• U.S.

National Affairs: Hi Mario!

3 minute read

At the National Press Club last week, Italy’s Premier Mario Scelba faced perhaps the most perilous moment of his U.S. tour: question time. As usual, the assembled correspondents tossed some curves to test the visitor’s sense of humor. Do daily siestas contribute to Italy’s over population? “The question is very pertinent,” said Scelba, smiling slightly. “But the siesta is devoted to rest and not to work.” The newsmen roared. Then came another: Did Actress Gina Lollobrigida express the official viewpoint in stating that married women have more sex appeal? “The Italian government,” said Scelba dryly, “is favorable to marriage.”

Adroit, fast-moving Mario Scelba took the U.S. in his stride. During his state visit to Washington he had an hour-long conference with President Eisenhower, followed by a White House luncheon. He visited Capitol Hill, where he got a standing ovation from the House and Senate, conferred with Vice President Richard Nixon and four Cabinet-rank officials, including Secretary of State John Foster Dulles.

From Washington, the Premier went on a week-long whirl through New York, Philadelphia. Detroit and Chicago (Foreign Minister Gaetano Martino was going to San Francisco and Los Angeles). In Manhattan, where Scelba was welcomed by a cheering crowd, eager greeters pumped his hands and bussed his glowing pink cheeks. Some excavation workers called out: “Hi Mario! Paesan!” In two garment factories Italian-American seamstresses welcomed him with kisses, songs, dances and sentimental weeping. Amidst all the emotion Scelba shed a happy tear or two himself.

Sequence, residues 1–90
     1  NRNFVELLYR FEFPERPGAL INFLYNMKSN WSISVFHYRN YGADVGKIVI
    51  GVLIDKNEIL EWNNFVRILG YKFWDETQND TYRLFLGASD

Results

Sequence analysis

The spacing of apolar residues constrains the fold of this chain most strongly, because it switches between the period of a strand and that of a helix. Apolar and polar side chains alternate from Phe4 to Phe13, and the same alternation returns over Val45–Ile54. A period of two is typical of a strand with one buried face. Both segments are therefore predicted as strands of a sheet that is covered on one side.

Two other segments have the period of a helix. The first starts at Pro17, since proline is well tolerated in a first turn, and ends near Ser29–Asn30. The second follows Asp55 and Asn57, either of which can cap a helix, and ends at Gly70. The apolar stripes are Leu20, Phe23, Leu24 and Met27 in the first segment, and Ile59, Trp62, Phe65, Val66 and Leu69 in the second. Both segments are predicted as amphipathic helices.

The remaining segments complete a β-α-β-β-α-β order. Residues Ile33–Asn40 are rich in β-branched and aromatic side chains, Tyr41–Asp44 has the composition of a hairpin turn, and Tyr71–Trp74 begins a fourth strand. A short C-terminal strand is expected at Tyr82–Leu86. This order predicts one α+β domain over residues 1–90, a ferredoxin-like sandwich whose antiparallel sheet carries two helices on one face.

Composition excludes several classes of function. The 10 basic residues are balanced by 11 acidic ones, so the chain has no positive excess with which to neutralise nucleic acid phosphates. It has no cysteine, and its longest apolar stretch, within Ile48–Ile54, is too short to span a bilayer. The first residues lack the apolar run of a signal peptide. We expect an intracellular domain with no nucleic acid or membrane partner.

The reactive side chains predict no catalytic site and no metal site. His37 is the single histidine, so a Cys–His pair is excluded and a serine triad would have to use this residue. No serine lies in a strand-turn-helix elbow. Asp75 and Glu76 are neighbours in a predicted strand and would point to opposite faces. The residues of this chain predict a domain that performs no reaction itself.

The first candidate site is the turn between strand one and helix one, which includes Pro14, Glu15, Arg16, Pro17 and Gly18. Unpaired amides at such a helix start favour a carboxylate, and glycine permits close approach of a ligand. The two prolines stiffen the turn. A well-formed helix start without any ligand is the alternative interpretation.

This week Premier Scelba is flying home with some personal mementoes (including three honorary doctorates and a silver statuette of the Empire State Building). As a friendly gesture to Italy, the U.S. made available ten tons of heavy water for the Italian atomic-reactor program. More economic aid seemed to be on the way: the International Bank in Washington worked up plans for a $200 million program of loans to Italy, beginning with some $60 million this year.

For his part, Scelba repeatedly pledged Italy’s friendship and gratitude to the U.S. and allegiance to the ideal of Western unity. Europe’s alternatives, he said, are “integration or disintegration.” Asked about Italy’s attitude on the Far East issue, he replied, simply: “Italy is an ally of the U.S.” Scelba promised to use democratic means in dealing effectively with Italy’s internal Communist menace.* “The Communists are losing,” he said. “We are certain that Italy will never become a satellite of Moscow. We are strong and growing stronger. Our great ambition is to win the battle of liberty and democracy—with liberty and democracy.”

*For news of a major Communist setback in Italy this week, see FOREIGN NEWS.

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